The appearance of this collection is a statement of intervention into the canon of Latin American poetry. Its contextual materials, which include Weaver’s description of meeting Magda Portal in Berkeley in 1981, attest to a long lineage of intentional stewardship of women’s poetics inspired by Portal’s own fierce advocacy, beginning with the book’s initial publication in 1927.

Haiti in Translation: Nathan Dize Interviews Emma Donovan Page

When Jan J. Dominique published her memoir Wandering Memory in French in 2008, eight years had gone by since her father’s assassination. On April 3, 2000, Jean Léopold Dominique was gunned down in front of the radio station he owned and operated since the 1960s. The New York Times reported on Dominique’s death, a state funeral was held, and Haitians living in the country and abroad went into a period of collective mourning.

SETTING THE RECORD STRAIGHT: MERYEM ALAOUI’S “STRAIGHT FROM THE HORSE’S MOUTH,” TRANSLATED FROM FRENCH BY EMMA RAMADAN

Alaoui’s novel, as hilarious as it is political, is a testament to the fact that literature does not have to be depressing or solemn to deliver a powerful message. Like Ramadan, I hope more publishers will invest in translating playful books that appeal to diverse readerships while defying stereotypes and expanding perspectives.

A Poet’s Legacy: René Noyau’s “Earth on Fire,” Translated from French by Gérard Noyau and Peter Pegnall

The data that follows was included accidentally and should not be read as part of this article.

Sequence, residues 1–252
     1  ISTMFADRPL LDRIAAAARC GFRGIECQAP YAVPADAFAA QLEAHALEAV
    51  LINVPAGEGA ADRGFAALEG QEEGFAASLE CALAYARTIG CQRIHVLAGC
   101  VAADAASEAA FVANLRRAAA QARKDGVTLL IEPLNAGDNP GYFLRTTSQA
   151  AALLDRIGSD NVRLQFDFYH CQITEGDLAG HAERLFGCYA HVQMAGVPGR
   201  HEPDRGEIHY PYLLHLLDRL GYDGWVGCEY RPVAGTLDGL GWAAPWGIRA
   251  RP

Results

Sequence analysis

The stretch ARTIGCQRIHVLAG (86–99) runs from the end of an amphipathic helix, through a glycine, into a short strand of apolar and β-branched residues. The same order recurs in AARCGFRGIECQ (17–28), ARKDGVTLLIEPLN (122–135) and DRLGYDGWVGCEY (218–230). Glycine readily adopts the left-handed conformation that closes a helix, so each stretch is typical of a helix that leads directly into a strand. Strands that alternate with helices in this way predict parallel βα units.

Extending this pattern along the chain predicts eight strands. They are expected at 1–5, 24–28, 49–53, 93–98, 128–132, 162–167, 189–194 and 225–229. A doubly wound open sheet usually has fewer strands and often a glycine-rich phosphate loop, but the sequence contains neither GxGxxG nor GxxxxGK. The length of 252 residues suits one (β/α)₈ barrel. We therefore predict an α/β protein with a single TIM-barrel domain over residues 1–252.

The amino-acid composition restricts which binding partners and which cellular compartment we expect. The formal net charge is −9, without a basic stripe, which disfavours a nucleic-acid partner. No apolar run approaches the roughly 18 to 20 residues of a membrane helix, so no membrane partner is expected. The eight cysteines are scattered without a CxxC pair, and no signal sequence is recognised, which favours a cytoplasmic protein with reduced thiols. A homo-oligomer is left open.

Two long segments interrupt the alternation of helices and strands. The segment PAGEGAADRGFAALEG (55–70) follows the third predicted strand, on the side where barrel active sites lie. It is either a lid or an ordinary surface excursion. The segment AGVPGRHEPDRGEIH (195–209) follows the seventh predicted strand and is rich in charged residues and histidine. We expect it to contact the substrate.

“Earth on Fire” is a compelling gateway into Noyau’s work and into Mauritian literature.

The Net and the Fence: On Jean Daive’s “Under the Dome: Walks with Paul Celan,” Translated from French by Rosmarie Waldrop

By Anna Levett Several times in Under the Dome, Jean Daive’s elliptical, poetic memoir about his friendship with the Jewish German-language poet Paul Celan, a net bag makes an appearance. I imagine it’s the kind of bag in which you would carry fruits or vegetables that you’d bought from a market—a bag made of mesh […]

The Safeguards of Translation: Philippe Jaccottet’s “Patches of Sunlight, or of Shadow: Safeguarded Notes, 1952-2005,” Translated from French by John Taylor

By Samuel Martin Holding the latest volume of notes by the Swiss poet and translator Philippe Jaccottet, turning it over in one’s hands, one’s first impression is indeed of volume and bold color; it is another of the lavish editions that Seagull Books have made their calling card in recent years. One’s second impression, having […]

A Manifesto for Uncertain Times: Noémi Lefebvre’s “Poetics of Work,” Translated by Sophie Lewis

By Andria Spring “Are we at war, Papa?” “What makes you think that?” “I don’t know, all these soldiers outside the shops.” “Then it must be war.” “But people are shopping in the sales.” “So we can’t be at war.” “The police are checking handbags and ID cards.” “That means it’s war.” “But there are […]

Often Petty, Definitely Bourgeois: Caterina Bonvicini’s “The Year of Our Love,” Translated from Italian by Antony Shugaar

By Alex Valente Caterina Bonvicini’s The Year of Our Love, translated by Antony Shugaar, is the story of Olivia and Valerio, who meet and grow up together in the same house while belonging to different families and class, who lose each other and find each other again several times, and who maintain a bizarre romantic […]